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News Picks : Mercury pollution threatens world’s oceans

By: Physics Today
07 August 2014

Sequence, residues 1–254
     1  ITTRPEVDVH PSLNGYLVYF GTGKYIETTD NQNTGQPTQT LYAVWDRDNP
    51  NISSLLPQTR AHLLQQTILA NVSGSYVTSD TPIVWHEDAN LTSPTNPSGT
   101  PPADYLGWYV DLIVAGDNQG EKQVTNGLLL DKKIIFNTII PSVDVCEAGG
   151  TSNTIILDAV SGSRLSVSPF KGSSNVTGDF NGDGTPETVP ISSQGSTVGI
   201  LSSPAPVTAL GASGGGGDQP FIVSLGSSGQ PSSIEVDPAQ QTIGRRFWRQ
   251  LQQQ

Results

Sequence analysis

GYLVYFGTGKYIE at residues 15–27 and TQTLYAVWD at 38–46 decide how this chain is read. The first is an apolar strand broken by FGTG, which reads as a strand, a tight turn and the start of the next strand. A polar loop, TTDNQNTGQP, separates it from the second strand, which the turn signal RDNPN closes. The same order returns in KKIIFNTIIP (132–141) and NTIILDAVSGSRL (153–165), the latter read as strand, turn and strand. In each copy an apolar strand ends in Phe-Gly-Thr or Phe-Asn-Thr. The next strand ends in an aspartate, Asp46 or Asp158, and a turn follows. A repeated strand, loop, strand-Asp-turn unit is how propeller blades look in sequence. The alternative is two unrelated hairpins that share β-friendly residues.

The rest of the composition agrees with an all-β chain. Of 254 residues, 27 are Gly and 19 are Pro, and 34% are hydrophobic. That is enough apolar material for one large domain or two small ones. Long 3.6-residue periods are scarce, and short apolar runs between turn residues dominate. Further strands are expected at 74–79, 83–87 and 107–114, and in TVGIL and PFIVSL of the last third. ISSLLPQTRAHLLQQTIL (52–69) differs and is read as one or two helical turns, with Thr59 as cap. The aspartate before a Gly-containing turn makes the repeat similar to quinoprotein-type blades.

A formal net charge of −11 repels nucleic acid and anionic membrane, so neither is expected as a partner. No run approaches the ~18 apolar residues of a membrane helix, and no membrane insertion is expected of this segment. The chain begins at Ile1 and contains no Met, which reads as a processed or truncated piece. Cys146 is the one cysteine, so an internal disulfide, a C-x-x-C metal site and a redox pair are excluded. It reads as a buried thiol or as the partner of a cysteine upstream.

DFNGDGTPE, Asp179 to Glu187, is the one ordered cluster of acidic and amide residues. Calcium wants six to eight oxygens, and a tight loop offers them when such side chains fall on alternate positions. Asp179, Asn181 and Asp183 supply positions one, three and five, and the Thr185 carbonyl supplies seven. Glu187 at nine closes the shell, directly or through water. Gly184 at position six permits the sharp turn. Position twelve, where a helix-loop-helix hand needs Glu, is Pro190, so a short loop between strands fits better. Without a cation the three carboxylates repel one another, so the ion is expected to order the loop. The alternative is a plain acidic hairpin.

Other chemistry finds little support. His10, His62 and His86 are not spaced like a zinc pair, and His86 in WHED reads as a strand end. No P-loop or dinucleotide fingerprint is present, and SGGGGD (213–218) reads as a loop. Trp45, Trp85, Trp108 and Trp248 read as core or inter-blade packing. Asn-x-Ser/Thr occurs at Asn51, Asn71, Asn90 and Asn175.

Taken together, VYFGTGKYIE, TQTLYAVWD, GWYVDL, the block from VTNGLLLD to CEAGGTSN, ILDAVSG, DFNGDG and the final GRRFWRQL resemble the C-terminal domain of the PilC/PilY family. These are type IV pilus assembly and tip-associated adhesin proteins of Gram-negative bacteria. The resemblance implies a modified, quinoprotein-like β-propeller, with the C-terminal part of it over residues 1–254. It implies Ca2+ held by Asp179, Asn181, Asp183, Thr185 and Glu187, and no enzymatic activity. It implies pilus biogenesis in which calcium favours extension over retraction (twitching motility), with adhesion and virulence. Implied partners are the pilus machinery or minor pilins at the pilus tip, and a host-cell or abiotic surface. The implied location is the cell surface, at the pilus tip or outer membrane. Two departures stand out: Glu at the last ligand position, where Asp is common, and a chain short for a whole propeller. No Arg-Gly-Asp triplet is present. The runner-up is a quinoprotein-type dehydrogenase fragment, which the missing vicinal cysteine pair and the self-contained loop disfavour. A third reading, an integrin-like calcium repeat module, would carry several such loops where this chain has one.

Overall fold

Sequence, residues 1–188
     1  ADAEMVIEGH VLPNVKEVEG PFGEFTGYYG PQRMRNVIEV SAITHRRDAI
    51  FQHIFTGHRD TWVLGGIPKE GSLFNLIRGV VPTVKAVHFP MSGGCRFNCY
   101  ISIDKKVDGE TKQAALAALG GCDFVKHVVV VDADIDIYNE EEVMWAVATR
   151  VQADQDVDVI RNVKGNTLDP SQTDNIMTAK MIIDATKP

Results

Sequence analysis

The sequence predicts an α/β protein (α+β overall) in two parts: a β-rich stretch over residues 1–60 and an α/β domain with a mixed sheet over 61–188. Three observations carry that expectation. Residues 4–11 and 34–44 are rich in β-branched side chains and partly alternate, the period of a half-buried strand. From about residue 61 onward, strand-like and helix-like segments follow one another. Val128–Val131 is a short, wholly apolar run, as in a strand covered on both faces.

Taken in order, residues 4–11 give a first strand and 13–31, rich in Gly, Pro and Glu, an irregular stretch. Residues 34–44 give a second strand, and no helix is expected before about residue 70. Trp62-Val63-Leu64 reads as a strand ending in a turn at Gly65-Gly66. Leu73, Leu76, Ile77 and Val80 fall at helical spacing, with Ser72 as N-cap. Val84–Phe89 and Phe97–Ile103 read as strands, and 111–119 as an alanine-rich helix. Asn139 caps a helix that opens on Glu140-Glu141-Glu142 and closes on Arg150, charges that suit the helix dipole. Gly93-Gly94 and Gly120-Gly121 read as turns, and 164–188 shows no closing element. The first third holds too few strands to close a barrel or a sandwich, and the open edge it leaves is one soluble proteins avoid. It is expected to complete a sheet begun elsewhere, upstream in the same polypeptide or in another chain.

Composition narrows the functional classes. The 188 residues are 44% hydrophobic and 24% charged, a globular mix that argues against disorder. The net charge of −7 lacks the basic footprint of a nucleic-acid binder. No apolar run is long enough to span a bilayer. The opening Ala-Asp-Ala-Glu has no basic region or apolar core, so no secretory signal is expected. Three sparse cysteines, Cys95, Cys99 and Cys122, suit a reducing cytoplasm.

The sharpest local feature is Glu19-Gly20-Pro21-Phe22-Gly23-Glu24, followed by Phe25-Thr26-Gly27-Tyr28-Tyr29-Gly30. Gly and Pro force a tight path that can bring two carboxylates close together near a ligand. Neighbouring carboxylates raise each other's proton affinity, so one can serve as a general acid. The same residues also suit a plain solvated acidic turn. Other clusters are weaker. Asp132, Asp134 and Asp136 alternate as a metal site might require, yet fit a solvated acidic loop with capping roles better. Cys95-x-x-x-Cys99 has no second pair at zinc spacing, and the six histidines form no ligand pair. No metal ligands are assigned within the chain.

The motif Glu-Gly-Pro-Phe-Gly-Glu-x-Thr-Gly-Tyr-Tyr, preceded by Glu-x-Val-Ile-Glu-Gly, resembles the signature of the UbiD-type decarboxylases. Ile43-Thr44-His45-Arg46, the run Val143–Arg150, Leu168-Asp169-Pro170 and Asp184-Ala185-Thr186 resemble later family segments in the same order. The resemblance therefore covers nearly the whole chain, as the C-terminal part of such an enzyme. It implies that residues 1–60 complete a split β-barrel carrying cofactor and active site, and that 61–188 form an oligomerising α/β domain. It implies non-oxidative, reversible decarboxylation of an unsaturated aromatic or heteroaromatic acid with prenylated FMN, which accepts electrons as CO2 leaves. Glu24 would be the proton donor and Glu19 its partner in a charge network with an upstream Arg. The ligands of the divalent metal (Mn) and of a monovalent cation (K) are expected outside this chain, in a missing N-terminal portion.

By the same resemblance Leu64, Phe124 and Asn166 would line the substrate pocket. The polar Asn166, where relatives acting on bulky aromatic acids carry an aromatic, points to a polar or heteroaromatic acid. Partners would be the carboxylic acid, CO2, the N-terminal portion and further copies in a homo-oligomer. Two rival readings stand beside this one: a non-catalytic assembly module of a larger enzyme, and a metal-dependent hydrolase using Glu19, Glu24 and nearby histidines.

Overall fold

Nature: Mercury levels in the upper ocean have tripled since the beginning of the Industrial Revolution, according to a study published in Nature. Because of mercury’s unique properties, it has come to be used in applications from fossil-fuel electrical power plants to laboratory equipment to cosmetics. However, mercury is highly toxic, and as it leaks into the air and onto the land, it eventually ends up in the oceans, where it can make its way into the food chain. To try to determine how marine mercury pollution levels have changed over time, the researchers collected thousands of water samples from the Atlantic and Pacific Oceans. Because surface water has been more recently exposed to mercury pollution than water deeper down, samples of different depths were compared. However, the researchers found that despite the disturbing rise in mercury pollution, the oceans are not uniformly contaminated. That leads them to believe that efforts to reduce mercury pollution could be effective.

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